S. Korea joy on World Cup Asia day
BUSAN, South Korea (CNN) -- For millions of football fans in Asia, the World Cup finally kicked off on Tuesday when co-hosts Japan and South Korea took to the field and China made its debut on football's biggest stage.
The pressure on all three teams had been intense ahead of what was being billed as the most important day in Asian football's history, with anxious fans hoping for a good performance from their heroes.
After playing hosts for the first four days of the tournament, Japan opened its World Cup campaign against Belgium in Saitama while South Korea meets Poland in Busan.
Japan has never won a match in the finals but they came close in front of their home fans.
With four minutes to go and the score at 2-2, Junichi Inamoto put the ball in the net only for the effort to be disallowed for a foul earlier in the move. (Match report)
In South Korea, the build-up has been electrifying, sparked by a national fever that has gripped the nation.
Newspaper, television and billboard advertising urges the team to make it to the next round and instructs fans on chants, songs and dances to perform as they cheer the Koreans on.
And the South Korean team lived up to the hype -- beating Poland 2-0 to record their first ever finals victory after appearing in five previous tournaments. (Match report)
Busan's Asiad Stadium was transformed into a sea of red -- the Korean team's traditional color -- for the game.
Coach Guus Hiddink had played down hopes of victory. Before the match he said: "I know the expectations are extremely high, sometimes too high, towards the team. But the team are not anxious to play with that expectation.
"I cannot guarantee a result, no-one can, but I can guarantee that the team will be going until it doesn't have any energy anymore and I can assure you that the team has a lot of energy."
Hiddink -- who at the 1998 World Cup guided the Netherlands to fourth place, including a 5-0 thrashing of South Korea -- told CNN that he had talked to the players about channeling the energy from the fans and the media and using it to their advantage.
"We have not just to deal with the things inside the pitch," he said.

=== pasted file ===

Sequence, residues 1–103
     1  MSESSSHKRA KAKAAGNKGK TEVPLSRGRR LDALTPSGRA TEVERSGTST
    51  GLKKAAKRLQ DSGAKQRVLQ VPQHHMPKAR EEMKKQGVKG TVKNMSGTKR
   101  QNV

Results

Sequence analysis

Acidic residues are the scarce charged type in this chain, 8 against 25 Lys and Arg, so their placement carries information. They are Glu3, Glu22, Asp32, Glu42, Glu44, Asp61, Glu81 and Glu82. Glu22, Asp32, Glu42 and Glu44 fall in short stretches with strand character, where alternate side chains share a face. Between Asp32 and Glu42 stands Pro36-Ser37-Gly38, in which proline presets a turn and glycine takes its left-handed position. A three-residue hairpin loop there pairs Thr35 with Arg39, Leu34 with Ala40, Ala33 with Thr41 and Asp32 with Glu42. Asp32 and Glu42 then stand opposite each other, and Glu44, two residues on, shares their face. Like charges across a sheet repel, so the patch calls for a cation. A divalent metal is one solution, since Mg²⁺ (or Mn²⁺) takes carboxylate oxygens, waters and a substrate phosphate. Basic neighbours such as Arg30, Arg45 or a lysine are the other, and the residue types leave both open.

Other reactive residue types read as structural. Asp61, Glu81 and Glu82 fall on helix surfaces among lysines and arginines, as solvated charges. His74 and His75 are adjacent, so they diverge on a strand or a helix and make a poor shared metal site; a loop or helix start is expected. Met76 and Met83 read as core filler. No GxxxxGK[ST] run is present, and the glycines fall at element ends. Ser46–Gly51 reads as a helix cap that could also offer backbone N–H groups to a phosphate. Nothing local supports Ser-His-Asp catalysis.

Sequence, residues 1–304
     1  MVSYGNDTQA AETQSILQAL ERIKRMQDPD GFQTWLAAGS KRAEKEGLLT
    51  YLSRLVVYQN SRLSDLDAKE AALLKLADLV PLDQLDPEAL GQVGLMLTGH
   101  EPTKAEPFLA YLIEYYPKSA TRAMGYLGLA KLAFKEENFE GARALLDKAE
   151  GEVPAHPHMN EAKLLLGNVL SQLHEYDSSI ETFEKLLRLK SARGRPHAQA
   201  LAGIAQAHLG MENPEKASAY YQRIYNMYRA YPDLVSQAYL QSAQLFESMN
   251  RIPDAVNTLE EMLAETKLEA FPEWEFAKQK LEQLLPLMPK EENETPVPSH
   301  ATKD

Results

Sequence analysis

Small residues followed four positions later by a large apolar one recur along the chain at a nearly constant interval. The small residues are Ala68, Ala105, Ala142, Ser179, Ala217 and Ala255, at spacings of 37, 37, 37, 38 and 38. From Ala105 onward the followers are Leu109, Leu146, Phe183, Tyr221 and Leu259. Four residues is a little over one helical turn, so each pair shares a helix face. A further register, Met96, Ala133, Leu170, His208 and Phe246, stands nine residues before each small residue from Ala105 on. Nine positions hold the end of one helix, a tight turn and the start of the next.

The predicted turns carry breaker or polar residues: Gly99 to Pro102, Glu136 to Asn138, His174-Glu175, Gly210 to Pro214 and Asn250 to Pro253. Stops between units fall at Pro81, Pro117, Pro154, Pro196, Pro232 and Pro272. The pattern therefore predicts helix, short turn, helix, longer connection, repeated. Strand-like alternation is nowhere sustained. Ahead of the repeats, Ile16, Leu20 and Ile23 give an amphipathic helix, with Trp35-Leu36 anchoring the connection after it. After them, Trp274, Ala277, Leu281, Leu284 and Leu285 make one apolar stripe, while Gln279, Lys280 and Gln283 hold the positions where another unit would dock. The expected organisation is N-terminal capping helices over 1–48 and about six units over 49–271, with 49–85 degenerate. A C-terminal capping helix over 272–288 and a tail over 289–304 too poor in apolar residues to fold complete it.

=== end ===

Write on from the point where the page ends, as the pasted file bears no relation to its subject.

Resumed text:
"There's also an outside pitch which may be a lot of attention from the press daily which may be a high exaggeration of expectations so we have to deal with that ... We have to be with our two feet on the ground, but with the two feet on the ground you can do a lot."
That attention was evident even before Hiddink's team went through its training paces at the stadium in front of about 300 members of the media.
The squad entered the arena to the Korean national anthem, performed by famous Korean singer Jo Young Su and a military brass band, in what proved to be a well-timed rehearsal for Tuesday's pre-game festivities.
The first match on Tuesday kicked off in Gwangju where China made its debut against Costa Rica.
But the dream of victory ended with two second half goals in four minutes -- the first against the run of play and the second as China struggled to regain their earlier confidence. (Match report)
An estimated 80 million Chinese fans tuned in for the showdown, while another 40,000 -- the largest contingent of non-Korean fans and probably the biggest mass exodus of tourists ever from China -- have made the trip to South Korea.
China's coach Bora Milutinovic on Tuesday appealed to the fans for a show of support.
"We need your help. We need you to support us," he told reporters when asked what message he would like to send to the supporters massing in Korea.
"I hope they will support us the whole 90 minutes," he said.
Responding to the massive hype in China over its World Cup debut, the team posted an open letter on the Internet in May pleading with fans not to expect too much.
It faces a tough grouping against Costa Rica, Turkey and South American football powerhouse Brazil.
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